The family is the most ancient institution which God founded in Paradise, when He called the first pair of human beings into existence. The first blessing which God gave was for the well-being of the family. With family life the history of the world commences. In the course of centuries many dynasties have been established and mighty kingdoms founded; they lasted for a short while, and have disappeared. An institution, however, which has not been destroyed by the many revolutions of time, is the family; generations come and go, but family life remains. It outlasts everything, until, finally, the whole of humanity will at the end of time be divided by God into two great families; God’s family in heaven, and the devil’s family in hell. As it was at the commencement, so will family life be the end of the world’s history. In the little word ‘family,’ there reposes happiness and peace for some, and likewise for the greater part of mankind, at the same time, however, also misery and curses, heaven and hell.

    The family received from God a threefold mission: The care of the material life, the spiritual life and the supernatural life. We will to-day, in particular, consider closer the two last questions, because by the very fact of this great duty being neglected the ruin of the family must follow in consequence, bringing with it a miserable eternity for parents and children.

    It is, of course from a natural standpoint, understood that when man is born into the world, he should receive all the bodily care possible which the state of life will allow. Protection and attention in health and sickness are indispensable to him. The benevolent, loving and inventive care of a family, how it beautifies and makes easy man’s path through life! In his old age he longs for this family, and he would wish to close his eyes in its bosom.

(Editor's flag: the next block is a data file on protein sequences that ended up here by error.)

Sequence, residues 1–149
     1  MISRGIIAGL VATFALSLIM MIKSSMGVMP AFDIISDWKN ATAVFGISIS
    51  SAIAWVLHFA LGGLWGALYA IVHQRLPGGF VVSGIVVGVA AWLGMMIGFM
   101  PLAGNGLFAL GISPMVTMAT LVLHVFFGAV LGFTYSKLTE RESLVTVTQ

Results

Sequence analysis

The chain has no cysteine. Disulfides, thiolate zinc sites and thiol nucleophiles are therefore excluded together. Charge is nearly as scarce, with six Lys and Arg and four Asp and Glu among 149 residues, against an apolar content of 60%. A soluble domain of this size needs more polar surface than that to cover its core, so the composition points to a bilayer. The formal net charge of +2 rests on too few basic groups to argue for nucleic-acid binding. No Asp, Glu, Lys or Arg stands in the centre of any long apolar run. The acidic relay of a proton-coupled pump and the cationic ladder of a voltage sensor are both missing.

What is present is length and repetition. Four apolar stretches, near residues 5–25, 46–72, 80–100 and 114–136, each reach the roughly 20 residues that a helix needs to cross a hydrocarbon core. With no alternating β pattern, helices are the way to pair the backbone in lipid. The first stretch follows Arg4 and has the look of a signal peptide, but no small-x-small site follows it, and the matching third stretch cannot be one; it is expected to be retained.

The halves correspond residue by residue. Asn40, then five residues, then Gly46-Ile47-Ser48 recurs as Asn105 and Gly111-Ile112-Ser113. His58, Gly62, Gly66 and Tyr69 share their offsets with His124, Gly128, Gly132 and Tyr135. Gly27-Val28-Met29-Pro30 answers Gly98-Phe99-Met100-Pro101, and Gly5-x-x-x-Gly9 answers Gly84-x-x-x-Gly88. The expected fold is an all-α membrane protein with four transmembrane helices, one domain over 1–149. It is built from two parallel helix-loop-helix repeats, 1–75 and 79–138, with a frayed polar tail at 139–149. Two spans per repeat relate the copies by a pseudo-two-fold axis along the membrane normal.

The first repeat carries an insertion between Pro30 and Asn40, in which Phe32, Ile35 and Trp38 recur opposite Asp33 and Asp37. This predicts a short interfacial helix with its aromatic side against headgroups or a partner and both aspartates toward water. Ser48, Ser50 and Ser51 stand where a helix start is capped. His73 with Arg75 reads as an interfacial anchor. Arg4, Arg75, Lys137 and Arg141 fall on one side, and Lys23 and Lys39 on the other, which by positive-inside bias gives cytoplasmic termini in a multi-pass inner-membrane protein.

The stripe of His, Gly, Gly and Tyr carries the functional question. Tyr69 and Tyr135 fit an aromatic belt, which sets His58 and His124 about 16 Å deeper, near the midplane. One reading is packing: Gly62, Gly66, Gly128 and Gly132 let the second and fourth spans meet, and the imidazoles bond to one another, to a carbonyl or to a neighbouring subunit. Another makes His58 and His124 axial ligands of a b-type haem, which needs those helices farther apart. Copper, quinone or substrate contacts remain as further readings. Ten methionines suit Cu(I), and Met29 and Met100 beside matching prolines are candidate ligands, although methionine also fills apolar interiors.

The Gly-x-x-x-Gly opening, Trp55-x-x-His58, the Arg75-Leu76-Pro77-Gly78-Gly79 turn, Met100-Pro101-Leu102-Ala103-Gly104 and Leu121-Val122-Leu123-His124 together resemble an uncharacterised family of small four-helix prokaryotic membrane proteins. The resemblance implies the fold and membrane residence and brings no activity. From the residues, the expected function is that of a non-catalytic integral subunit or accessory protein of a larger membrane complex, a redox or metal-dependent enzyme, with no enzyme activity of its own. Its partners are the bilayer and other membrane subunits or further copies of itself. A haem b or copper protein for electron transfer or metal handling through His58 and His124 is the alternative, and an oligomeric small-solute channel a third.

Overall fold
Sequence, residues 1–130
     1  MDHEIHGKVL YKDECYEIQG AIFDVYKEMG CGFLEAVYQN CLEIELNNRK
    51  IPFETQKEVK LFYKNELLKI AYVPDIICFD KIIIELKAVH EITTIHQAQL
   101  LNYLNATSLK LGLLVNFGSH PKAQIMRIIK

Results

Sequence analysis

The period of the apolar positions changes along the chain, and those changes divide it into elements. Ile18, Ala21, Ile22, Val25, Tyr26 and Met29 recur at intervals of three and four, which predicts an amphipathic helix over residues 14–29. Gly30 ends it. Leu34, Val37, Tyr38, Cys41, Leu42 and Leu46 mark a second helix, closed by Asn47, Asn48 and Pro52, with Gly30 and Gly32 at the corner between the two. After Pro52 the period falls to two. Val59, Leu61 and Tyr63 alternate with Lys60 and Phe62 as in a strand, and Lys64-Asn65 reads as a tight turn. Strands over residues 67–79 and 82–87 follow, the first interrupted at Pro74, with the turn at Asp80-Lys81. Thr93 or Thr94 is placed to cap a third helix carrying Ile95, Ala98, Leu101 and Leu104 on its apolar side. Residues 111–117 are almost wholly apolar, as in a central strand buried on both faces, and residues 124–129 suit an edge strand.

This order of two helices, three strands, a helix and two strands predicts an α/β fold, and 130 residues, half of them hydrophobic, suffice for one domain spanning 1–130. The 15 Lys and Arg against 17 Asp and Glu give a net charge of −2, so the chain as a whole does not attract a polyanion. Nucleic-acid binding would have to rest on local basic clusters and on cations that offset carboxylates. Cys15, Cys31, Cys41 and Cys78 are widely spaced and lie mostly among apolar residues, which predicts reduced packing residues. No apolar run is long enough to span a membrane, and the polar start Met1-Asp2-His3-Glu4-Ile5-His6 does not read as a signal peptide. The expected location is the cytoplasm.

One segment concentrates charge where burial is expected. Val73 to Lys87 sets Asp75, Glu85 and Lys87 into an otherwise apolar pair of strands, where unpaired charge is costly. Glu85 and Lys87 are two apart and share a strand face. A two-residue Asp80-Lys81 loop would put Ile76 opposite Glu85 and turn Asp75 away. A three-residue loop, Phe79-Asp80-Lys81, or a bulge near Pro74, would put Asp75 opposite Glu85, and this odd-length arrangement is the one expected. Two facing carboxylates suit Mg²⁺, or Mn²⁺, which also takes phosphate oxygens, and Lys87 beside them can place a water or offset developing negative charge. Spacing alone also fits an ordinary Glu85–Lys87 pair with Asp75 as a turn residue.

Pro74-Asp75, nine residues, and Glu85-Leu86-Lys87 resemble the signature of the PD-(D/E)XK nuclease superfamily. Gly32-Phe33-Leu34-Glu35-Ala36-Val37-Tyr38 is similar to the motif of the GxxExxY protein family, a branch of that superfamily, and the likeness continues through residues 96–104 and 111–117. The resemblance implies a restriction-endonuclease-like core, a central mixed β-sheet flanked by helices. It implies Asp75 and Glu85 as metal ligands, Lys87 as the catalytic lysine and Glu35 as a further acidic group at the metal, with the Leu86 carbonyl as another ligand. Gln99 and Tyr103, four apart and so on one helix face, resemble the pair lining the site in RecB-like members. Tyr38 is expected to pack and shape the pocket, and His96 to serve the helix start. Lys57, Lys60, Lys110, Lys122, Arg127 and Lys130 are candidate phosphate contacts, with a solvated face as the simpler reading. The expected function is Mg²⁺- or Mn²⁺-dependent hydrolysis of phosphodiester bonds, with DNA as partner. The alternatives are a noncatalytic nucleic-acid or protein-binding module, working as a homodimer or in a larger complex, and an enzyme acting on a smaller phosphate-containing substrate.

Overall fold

But, with the material care alone, the problem of family life is not solved; man does not attain the goal by strength and height of body. He requires as a thinking being, provided by God with a free will, spiritual care also, instruction in that which is good, so that he can fulfil his mission and attain his object. He was created not only for this earth, but, also, for a higher everlasting life; he must find one day his bliss in God. 

    For this reason it is, above all things, necessary that he should know the means that are indispensable for him to this end – and that is the knowledge of the commandments of God, or, in one word, Religion. But how is it in most families with this, the most important thing of all? God says: Strive first after justice, and all things else shall be given you. How seldom is this divine command observed. Prayers have been forgotten, and the church is only known from the outside. Ought we to be astonished if the peace of God has disappeared from the hearts of parents and children; if the hands, instead of being clasped in prayer, are lifted up for acts of violence; if blasphemous curses are uttered?